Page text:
Student's Stress: It's Real and Manageable

Date of Completion


Document Type

Open Access Capstone

Degree Name

Master of Arts (MA)

First Advisor

Carol Smith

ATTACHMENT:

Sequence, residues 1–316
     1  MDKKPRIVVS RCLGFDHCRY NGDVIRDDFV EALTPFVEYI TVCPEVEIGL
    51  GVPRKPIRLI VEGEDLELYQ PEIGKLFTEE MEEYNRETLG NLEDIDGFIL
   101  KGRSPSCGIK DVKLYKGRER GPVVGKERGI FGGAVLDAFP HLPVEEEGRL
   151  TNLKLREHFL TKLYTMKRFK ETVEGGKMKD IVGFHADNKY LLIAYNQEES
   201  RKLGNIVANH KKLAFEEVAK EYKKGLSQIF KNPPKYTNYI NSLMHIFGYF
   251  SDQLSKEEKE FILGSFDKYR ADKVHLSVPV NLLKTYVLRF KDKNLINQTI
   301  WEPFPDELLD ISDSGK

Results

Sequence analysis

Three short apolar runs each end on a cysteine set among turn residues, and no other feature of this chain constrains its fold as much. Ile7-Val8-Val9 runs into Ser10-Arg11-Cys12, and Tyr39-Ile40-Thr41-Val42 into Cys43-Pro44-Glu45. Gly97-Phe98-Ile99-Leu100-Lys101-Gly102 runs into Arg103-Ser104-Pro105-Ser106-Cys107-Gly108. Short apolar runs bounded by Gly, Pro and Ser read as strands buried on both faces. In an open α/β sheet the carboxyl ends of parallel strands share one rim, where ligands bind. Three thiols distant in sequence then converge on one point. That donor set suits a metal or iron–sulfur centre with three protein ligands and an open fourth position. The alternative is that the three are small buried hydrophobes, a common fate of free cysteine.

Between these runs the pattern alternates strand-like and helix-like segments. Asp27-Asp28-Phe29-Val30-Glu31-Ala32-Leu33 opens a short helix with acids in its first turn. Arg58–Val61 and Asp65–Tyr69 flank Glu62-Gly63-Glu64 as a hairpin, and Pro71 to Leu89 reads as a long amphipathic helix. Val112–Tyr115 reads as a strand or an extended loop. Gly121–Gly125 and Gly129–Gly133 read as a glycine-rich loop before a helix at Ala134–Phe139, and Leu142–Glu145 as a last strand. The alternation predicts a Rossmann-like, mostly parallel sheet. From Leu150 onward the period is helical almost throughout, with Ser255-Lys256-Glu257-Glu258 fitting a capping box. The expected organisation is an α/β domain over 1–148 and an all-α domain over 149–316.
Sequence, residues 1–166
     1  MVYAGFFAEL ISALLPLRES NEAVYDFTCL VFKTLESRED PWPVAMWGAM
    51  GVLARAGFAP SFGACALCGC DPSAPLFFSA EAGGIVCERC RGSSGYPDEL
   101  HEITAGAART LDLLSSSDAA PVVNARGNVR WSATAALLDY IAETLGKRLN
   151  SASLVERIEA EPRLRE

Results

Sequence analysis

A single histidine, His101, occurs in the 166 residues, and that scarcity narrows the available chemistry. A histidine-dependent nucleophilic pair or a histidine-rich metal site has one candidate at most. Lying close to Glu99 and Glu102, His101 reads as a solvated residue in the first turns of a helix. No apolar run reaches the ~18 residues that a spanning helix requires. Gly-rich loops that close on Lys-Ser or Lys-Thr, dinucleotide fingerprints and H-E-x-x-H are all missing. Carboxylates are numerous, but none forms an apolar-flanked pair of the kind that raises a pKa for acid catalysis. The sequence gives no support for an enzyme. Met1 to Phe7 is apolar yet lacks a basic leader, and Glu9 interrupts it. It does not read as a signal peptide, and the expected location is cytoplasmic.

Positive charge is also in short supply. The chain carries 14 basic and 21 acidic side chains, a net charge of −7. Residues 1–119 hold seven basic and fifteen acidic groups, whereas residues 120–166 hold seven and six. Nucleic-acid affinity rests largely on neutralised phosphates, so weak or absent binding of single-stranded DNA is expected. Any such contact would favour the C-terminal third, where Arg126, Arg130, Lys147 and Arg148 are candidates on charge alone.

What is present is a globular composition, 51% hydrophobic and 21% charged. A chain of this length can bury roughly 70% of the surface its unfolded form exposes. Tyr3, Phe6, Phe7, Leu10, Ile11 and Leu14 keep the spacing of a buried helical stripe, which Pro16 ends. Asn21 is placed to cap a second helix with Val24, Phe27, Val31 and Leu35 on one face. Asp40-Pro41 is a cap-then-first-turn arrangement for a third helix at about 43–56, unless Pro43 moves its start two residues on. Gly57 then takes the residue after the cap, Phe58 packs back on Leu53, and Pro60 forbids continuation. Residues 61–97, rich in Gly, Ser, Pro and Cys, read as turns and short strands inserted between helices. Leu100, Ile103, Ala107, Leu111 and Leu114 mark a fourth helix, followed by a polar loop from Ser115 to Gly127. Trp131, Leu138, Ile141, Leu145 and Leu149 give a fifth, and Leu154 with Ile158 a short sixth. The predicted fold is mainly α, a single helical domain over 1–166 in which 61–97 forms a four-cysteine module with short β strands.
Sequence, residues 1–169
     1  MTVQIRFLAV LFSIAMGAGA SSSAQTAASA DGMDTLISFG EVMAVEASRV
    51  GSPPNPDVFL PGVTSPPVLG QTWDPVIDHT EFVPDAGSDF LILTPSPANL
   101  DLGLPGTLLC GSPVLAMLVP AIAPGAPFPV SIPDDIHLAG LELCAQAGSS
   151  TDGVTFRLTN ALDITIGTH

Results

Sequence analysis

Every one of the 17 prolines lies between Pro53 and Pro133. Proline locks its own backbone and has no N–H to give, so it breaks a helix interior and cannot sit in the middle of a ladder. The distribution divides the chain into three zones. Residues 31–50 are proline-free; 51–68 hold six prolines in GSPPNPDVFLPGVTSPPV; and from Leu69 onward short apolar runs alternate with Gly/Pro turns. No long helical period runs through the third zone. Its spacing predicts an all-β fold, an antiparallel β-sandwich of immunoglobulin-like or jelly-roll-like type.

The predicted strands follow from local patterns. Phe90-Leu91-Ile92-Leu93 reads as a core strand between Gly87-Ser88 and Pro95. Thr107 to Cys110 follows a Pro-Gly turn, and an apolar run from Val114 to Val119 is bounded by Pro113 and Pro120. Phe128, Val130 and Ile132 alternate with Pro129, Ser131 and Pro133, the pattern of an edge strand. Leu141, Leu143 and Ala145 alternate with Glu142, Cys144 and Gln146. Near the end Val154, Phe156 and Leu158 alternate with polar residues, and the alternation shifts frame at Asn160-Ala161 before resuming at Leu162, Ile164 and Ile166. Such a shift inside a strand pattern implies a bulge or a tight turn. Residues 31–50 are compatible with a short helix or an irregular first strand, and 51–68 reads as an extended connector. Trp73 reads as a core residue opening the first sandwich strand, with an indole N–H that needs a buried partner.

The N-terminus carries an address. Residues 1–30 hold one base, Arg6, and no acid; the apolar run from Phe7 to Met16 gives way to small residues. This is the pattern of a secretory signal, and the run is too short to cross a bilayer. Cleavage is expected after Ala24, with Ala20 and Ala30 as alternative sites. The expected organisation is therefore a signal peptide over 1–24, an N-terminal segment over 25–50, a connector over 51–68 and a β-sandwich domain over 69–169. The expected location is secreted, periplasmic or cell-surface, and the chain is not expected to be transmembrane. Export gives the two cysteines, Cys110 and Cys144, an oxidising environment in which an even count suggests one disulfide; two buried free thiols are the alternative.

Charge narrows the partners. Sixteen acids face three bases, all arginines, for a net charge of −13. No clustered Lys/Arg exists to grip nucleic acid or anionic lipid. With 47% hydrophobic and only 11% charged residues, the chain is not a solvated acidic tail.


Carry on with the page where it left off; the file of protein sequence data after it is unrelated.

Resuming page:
I have been a dental hygiene professor at a Community College from the last seven years as well as a 2001 alumna from the same dental hygiene program. The dental hygiene curriculum is demanding, and it can be overwhelming to manage the heavy work load. My goal as a teacher is to help the dental hygiene students find their own way to reduce their stressful thoughts and behaviors as a result of the overwhelming amount of work while learning. There are different levels of stress that the dental hygiene college students must learn to manage in order to think critically and creatively and make better decisions. I began thinking about my synthesis with the materials that I have gathered throughout my educational journey in the Critical and Creative Thinking Program as well as my students’ experiences and my past experiences as a dental hygiene student. The initial goal was to try to reduce students’ stress through humor, which evolved into researching more about how our body functions and malfunctions under stress. While researching the negative effects of stress, I discovered more interesting material about how one can reframe thinking patterns and become self aware of our own emotional intelligence to reduce our own stress or eliminate it completely. I thought about how much of this information was applicable and interesting ways students can benefit if they knew how, when, where and why they should utilize these tools to reduce the stress that may hinder their thinking. So, I decided to create an extensive 6-part stress reduction workshop for the students that may support and guide the students to effectively manage their anxiety in order to think clearly. It is significant for students to know when to use their resources to think rationally even when in the face of stressful events. The initial step in the development, implementation and dissemination of stress reduction techniques has been a work in progress. The toolkit consists of teaching students about the psychological and physiological effects of stress, the negative behaviors associated with chronic stress, the positive effects of utilizing stress reduction strategies and problem-solving techniques to ultimately improve overall health and enhance the students’ learning outcomes. The toolkit consists of the strategies that combine physical and mental aspects: humor, exercise (including yoga and meditation), positive thinking, clear goal setting, attention to nutrition, and sleeping behaviors to reduce or eliminate stress. Timely interventions, observations and ongoing analysis will be included in my future steps.


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